Central Oregon Public Safety Chaplaincy

Serving the Hearts & Minds of Central Oregon's First Responders

What is a Defusing & Why Do Them?

A defusing is an interactive group process conducted a short time after a group has been exposed to a traumatic event. At its core, a defusing is a very simple process. It is broken into three different parts: the Introduction phase, the Exploration phase, and an Information phase. Each of these stages serve a very specific role in successfully completing a defusing. By working through these parts, the main goal is to mitigate the impact of the traumatic event by stabilizing the traumatized group and restoring unit cohesion. It helps reset a person’s processing compass. In a sense, the objective is to render something harmless before it can do damage by getting the right kind of help at the right place and time. 


To be very clear, a defusing is extremely time limited. It is designed for intervention in the heat of the moment. As Jacob Lindy, MD, of Cincinnati Psychoanalytic Institute states, “The trauma membrane begins to form shortly after the trauma in a very vulnerable time for the person. People cannot tolerate vulnerability for very long. Soon the trauma membrane is intact, and the person is more protected. The trauma membrane can also block help from entering. That is why early intervention is so important”. As many studies have been done in this arena, the ideal situation would be to organize a defusing within a few hours of an event, or at least prior to the first responder getting off their shift that day. Jacob Lindy, “A defusing will give people direction and lay out a road map toward recovery before the membrane is fully formed. The defusing can help the person to sort out something while the trauma membrane is in effect and their recovery process is made a little easier because they have received messages such as, “You are not alone.” “Someone cares about you.” “Here are some steps that may help you as you try to recover.” It is in a defusing that we often realize that someone else may have the missing piece to the puzzle in order for ourselves to find closure we need.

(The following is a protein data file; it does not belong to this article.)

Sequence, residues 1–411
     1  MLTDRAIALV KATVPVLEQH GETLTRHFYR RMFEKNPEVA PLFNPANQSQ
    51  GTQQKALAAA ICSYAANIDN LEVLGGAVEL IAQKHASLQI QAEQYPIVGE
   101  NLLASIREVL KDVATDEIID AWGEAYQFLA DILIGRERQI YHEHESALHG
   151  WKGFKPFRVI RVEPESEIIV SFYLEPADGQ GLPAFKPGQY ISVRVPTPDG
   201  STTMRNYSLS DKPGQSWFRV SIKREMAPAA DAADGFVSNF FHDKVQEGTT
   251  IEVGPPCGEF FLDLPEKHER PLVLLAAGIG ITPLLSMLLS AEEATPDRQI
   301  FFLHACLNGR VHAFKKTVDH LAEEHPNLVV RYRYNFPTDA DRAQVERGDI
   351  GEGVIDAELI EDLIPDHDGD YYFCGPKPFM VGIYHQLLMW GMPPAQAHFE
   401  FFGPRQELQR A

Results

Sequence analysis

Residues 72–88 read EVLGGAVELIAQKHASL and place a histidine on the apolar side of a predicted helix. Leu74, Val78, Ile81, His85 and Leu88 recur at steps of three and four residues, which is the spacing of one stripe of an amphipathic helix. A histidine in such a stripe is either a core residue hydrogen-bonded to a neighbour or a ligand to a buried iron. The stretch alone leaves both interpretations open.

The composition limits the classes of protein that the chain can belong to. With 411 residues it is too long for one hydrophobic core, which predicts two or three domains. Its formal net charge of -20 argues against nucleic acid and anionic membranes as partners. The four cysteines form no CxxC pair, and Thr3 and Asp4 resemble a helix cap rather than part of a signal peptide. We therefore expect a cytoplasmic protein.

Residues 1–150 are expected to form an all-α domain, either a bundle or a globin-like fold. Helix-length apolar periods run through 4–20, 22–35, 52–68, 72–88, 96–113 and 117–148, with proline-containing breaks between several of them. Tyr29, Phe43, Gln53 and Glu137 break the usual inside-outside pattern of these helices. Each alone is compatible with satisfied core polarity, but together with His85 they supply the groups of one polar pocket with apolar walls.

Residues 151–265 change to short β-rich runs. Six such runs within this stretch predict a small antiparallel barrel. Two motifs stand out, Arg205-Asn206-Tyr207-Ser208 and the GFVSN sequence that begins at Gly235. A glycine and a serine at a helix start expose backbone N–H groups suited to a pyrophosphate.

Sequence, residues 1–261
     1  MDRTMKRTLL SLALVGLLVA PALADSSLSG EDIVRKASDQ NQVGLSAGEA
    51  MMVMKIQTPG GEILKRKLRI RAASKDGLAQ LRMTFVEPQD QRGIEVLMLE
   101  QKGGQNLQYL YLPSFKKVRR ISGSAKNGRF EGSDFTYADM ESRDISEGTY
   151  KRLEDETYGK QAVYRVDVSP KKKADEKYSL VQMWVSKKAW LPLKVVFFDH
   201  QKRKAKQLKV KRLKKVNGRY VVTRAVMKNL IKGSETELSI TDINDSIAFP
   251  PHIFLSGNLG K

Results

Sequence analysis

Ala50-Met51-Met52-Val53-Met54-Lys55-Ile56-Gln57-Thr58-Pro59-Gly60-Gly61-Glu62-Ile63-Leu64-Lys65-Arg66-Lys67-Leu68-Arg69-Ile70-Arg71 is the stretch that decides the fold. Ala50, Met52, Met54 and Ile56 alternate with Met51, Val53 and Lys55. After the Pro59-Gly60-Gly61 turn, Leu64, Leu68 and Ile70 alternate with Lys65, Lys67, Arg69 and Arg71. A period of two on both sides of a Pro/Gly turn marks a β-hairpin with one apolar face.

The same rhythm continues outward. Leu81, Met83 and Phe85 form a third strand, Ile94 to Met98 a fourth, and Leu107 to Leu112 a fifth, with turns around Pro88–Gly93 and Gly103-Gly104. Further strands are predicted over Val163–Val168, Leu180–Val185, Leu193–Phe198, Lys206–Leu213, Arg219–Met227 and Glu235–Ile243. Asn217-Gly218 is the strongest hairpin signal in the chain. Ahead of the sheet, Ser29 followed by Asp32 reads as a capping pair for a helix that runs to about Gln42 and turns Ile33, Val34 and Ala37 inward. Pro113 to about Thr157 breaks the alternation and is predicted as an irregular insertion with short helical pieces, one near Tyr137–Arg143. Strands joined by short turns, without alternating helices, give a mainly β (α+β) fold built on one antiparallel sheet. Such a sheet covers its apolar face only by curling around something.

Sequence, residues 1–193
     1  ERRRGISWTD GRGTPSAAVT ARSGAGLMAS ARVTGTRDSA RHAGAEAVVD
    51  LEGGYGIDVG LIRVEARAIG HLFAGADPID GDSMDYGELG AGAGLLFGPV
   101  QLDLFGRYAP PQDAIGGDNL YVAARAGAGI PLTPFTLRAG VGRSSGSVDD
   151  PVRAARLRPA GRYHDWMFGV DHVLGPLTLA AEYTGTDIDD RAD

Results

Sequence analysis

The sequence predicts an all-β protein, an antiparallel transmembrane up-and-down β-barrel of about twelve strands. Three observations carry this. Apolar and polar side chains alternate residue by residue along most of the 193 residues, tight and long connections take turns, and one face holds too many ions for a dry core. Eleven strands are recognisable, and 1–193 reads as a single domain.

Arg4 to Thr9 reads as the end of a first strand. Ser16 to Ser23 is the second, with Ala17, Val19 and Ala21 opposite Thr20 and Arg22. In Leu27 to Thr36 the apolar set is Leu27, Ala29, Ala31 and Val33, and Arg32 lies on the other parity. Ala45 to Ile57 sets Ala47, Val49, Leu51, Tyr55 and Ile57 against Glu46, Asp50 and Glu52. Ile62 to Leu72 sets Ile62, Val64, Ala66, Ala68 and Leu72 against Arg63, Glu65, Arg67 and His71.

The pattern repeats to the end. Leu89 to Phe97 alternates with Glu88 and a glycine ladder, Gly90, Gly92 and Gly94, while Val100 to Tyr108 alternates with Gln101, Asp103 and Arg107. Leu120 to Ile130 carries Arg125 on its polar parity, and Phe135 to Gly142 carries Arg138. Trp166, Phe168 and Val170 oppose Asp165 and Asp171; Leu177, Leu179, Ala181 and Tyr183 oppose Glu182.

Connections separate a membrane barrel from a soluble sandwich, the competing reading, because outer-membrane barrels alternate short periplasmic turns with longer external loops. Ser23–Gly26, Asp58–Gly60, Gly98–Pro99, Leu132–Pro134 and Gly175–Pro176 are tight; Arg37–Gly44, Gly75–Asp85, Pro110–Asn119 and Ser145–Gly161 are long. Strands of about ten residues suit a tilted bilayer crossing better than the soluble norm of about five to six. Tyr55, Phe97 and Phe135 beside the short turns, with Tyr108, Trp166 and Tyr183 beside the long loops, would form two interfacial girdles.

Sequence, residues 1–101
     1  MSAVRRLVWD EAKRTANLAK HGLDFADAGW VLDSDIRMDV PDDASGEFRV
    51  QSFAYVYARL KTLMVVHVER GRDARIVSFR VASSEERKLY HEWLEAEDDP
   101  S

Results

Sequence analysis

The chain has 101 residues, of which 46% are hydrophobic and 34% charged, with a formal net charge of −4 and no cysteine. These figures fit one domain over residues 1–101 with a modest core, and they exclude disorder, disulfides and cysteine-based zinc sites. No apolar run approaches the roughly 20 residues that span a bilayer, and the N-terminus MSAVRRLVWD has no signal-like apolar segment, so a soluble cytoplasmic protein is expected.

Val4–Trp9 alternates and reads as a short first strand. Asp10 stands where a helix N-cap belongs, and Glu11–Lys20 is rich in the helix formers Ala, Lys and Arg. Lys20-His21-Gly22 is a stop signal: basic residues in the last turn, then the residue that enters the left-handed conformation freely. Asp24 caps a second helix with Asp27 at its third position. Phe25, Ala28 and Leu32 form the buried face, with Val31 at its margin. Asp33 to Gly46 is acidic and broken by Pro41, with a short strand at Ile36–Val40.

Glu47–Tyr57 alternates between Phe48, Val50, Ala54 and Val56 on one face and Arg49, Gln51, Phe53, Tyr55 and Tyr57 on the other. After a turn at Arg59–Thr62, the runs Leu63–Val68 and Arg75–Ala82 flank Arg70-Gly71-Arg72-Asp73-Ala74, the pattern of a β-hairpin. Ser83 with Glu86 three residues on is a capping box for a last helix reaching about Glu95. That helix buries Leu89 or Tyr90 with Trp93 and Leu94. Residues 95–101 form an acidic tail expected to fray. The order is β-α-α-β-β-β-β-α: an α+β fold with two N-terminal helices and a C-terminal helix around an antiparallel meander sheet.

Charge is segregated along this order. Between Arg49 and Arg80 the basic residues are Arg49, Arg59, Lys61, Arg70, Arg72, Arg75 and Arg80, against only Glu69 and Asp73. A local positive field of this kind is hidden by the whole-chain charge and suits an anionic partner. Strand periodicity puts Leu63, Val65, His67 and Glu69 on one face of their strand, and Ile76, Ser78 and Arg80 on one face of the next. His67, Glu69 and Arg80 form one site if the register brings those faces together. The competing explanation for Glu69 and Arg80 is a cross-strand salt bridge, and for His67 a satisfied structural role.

The reestablishment of unit cohesion is the most powerful effect of a defusing. Once unit cohesion is back in place, it is the hope that unit performance is back and running on all cylinders. The usual follow-up to a defusing is individual support (primarily done by trained peer support and/or a chaplain) and a Critical Incident Stress Debriefing (CISD) for the group. This is where we look to key individuals to properly assess and strategically employ the best intervention moving forward after a defusing.


We know through studies, that an effective defusing helps decrease the potential of future health issues in our first responders such as PTSD, anxiety, and the list goes on. But for this to happen, the defusing has to happen. So, be aware, be observant, be engaged, and always care about your fellow peers. Remember, what doesn’t seem like a traumatic event to you, may be traumatic for your fellow team member, and they could truly benefit from what a defusing has to offer.


Chaplain David Green


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